One would think that dogs training in a building full of cats would have a difficult time staying focused.  Fortunately, when the Meridian Police Department recently brought three dogs from their K-9 unit to the Meridian Western States Cat for on-going training, it wasn’t a typical dog-meets-cat scenario.

After the workday ended, dogs and officers seized the opportunity to work on narcotic detection in the parts warehouse and shop areas as well as building searches in the training room, office areas, and locker room. Officer Rick Lee, a 13-year veteran who’s spent the past six years with the K-9 unit, stressed the importance of these training sessions. “Training is a never-ending process for us,” Officer Lee said. “We train individually during our work week on everything from simple obedience to tracking or narcotics detection. Once a week we train as a unit for approximately five hours, and from time to time we also train with other agencies in the area to share ideas and challenge our dogs with new scenarios. Sorry if we knocked your boots or clothes off the benches!”

Western States is happy to provide a training ground to help the people and dogs tasked with keeping our community safe, and it seems that the feeling is mutual. “The Cat facility is an amazing place for us to train. The sheer size of the building allows us to maximize our training time and set up all types of scenarios and problems for the dogs and handlers to work through,” Officer Lee said. “The amount of rooms, both big and small, makes it a great place to set up searches. When we train dogs we are really trying to expose them to environmental things such as darkness, slick floors, stairs, metal grates; basically, anything and everything one of our dogs may encounter on the street.”

For this particular training, the three dogs present were K9 Dory and her handler Officer Tyler Marston, K9 Odin and his handler Officer Isaiah Wear and K9 Randy with his handler Officer Lee. K9 Dory is a five-year-old yellow lab purchased from the Wood River Animal Shelter in Hailey, ID, and is primarily used for narcotics detection. K9 Odin, a three-year-old Belgian Malinois imported from Europe, and K9 Randy, a two-year-old Belgian Malinois imported from the Netherlands are both patrol dogs used to locate and subdue suspects in addition to narcotics detection.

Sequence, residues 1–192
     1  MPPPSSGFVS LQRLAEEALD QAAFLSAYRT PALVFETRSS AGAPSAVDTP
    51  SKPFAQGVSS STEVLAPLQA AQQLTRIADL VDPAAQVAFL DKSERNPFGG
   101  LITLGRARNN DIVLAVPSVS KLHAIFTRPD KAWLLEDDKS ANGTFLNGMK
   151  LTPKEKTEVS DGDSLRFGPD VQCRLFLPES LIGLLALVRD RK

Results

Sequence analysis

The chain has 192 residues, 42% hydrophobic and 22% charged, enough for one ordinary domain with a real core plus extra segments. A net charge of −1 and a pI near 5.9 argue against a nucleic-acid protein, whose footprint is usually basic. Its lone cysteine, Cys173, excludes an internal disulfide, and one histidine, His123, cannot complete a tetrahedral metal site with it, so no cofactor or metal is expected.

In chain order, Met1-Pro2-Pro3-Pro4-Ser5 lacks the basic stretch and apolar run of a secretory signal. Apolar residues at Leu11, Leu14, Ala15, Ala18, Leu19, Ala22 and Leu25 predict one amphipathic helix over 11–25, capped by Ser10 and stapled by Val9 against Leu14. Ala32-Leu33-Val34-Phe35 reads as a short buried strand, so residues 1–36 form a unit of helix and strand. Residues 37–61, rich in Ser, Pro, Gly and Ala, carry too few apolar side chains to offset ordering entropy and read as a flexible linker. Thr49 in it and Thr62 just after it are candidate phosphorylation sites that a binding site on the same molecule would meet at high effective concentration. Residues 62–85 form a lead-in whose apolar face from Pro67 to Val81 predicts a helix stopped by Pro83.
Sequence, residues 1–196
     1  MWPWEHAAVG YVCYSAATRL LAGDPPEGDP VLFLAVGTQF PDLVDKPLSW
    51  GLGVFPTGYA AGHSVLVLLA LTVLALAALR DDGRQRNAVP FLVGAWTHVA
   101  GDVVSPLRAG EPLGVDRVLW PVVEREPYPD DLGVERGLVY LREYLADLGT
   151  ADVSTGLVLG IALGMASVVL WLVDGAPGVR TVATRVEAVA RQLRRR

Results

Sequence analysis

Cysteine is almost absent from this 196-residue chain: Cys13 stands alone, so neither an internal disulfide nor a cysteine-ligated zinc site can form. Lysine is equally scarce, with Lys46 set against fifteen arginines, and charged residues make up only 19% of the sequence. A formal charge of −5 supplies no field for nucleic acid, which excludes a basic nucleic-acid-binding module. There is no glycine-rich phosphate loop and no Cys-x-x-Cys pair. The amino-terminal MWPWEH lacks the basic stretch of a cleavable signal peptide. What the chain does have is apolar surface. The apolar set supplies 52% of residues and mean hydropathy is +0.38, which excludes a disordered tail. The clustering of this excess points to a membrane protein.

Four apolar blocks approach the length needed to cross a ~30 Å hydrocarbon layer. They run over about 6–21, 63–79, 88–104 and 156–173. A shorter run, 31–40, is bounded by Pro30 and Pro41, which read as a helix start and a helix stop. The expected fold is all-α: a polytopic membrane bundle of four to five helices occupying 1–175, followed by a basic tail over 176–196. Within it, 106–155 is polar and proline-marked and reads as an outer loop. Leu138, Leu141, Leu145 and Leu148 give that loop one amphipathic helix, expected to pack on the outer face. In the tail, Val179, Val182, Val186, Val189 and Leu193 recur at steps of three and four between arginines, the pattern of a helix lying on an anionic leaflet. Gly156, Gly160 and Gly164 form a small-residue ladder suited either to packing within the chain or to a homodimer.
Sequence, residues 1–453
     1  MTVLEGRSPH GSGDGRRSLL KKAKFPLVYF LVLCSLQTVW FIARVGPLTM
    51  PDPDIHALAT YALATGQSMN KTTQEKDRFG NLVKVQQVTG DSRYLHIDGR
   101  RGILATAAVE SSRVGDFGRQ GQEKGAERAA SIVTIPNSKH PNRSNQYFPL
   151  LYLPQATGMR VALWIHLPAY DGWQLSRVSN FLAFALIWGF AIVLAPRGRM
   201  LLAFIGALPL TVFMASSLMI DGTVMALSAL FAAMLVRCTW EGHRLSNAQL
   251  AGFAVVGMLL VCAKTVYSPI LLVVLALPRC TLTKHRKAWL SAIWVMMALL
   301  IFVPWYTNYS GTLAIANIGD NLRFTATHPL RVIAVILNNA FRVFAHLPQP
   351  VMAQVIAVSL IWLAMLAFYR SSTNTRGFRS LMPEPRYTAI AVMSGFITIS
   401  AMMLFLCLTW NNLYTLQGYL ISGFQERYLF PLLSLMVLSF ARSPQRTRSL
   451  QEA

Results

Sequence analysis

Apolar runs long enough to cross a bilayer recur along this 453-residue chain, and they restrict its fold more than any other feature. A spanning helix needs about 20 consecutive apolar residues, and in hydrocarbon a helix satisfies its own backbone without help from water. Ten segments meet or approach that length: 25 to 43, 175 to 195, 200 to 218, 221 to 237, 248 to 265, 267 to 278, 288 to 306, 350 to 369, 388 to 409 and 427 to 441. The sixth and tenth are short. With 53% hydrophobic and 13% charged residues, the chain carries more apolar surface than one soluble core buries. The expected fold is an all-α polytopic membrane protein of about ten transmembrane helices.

One of the first things a person notices when meeting the officers and their dogs is the deep bond between them. “Our dogs live with their handlers,” Officer Lee said. “When we purchase a new dog, the handler and new dog spend about two weeks bonding. We want the dog to understand that everything good in their life always comes from the handler.”

The dogs are purchased untrained so their training, which takes about three months to complete, can be tailored to the department’s needs. Currently, each of the Meridian officers and their dogs has more than 3,000 hours of hands-on training together. After a dog is fully trained, they work with their handler on patrol until they’re about 10 years old, when they’re retired to a dog’s life at their handler’s home. “It usually takes some time for them to accept they don’t go to work anymore, but they adapt to it. These dogs absolutely love to work so going to work each day is a big deal to them. You and I look forward to weekends. These dogs don’t – they want to go, go, go,” Officer Lee said.

We’re honored to have been able to play a little part in helping those who do so much for our communities. And, at the end of the day, all of Meridian should breathe a little easier knowing that the K-9 Unit has one more training session under its belt – and collar.